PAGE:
Shut off TCS for a day!

:
Ottawa, Ontario
:
17 Mazda 6 GT
Before having TSB 05-002/20 applied, I would most often and routinely encounter it in turns, especially right turns--brake going into the turn. RPMs drop, then lug as I accelerate out of the turn. Also from a stop at a traffic light where accelerating then letting off the gas when realizing the guy in front is lollygagging, then reaccelerating. In short, 2nd. gear failing to drop to 1st. or 3rd. gear failing to drop to second.

That's in routine driving. In sport mode, or just zoom-zooming around, the RPMs wouldn't drop low enough to get the lug.

This was my #1 issue with the vehicle without a close second. Given the number of posts I've made on the subject you can it is my #1 obsession. The TSB has all but eliminated the lugs even though the TSB description does not address this problem.

My experience seems somewhat unique among normally aspirated 2.5L owners. I think more folks have complained about jolts into gear than lugs and some who have had the TSB applied see no difference. This is hard to account for. Perhaps the TSB is a patch not a re-flash of the entire PCM with different years or AWD vs. FWD having different base code. Or the performance adjustments that are stored don't get cleared out when the software update is applied. Or maybe the dealer blew it off in some cases--they probably don't make any money doing TSBs.

It occurs to me now that if the TSB doesn't yield any difference, maybe disconnecting and reconnecting the battery might do some good--just a wild guess not knowing what the TSB does or the procedure for applying it.
What exactly is this TSB all about, and is it mandatory? When was it issued?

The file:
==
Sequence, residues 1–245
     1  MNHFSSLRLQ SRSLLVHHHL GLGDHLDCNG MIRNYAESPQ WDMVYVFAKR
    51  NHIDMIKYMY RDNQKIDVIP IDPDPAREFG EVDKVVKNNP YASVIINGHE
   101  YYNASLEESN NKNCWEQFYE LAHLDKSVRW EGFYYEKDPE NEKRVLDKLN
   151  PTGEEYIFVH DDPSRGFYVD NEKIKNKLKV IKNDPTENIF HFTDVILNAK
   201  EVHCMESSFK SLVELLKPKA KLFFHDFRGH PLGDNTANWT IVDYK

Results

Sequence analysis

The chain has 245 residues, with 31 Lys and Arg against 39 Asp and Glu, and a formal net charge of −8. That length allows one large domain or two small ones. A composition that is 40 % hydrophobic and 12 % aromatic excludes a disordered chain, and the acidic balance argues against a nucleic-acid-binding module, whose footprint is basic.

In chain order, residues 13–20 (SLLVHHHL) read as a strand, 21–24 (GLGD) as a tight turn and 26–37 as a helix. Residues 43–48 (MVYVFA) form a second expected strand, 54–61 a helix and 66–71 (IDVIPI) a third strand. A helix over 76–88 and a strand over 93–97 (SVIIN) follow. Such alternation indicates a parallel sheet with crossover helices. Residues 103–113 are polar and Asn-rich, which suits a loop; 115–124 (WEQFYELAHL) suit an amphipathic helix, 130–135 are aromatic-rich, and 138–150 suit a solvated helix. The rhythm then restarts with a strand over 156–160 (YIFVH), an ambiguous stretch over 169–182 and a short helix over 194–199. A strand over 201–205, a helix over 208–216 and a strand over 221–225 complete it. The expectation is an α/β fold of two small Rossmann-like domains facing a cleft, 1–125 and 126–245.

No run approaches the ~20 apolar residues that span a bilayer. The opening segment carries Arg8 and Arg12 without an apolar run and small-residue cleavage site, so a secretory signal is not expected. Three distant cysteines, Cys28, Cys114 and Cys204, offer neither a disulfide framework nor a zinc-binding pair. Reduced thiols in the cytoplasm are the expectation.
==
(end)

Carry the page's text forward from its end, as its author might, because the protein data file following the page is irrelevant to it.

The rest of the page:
Also, does it apply to all models, or just the CX-5?
Thanks.
 
:
CX5 GT
2.5 non-turbo only.


BULLETIN NOTES
Bulletin No.: 05-002/20 Last Issued: 12/18/2020
This bulletin supersedes the previously issued bulletin(s) listed below: The changes are noted in Red.
Previous TSBs: Date(s) Issued: 05-002/20 09/24/20 and 06/04/20
APPLICABLE MODEL(S)/VINS
2019-2020 Mazda3 (Japan built A/T only) with VINS lower than JM1BP******163205 (produced before January 11, 2020)
2019-2020 Mazda3 (Mexico built A/T only) with VINS lower than 3MZBP******131964 (produced before January 11, 2020)
2018-2020 CX-5 with VINS lower than JM3KF******856447 (produced before July 20, 2020)
NOTE: This TSB only applies to US spec vehicles with cylinder deactivation. Mexico spec vehicles are not applicable since they do not have cylinder deactivation.
DESCRIPTION
Some customers may complain about a surging at low speeds and during acceleration. This surging is in the longitudinal direction, felt about 2 cycles per second, and occurs in the locked up 1st gear. This may be caused by the torque fluctuation and the torsional resonance in the torque converter. To correct this concern, the PCM software has been modified to reduce the torque fluctuation.
 
:
2020 CX5 AWD
OK, so here's a quick unscientific TCS-off test.

Left the house with 3/4 tank with the MPG meter having been reset at the last fill-up. It was reading 28.6 MPG and I left it as is.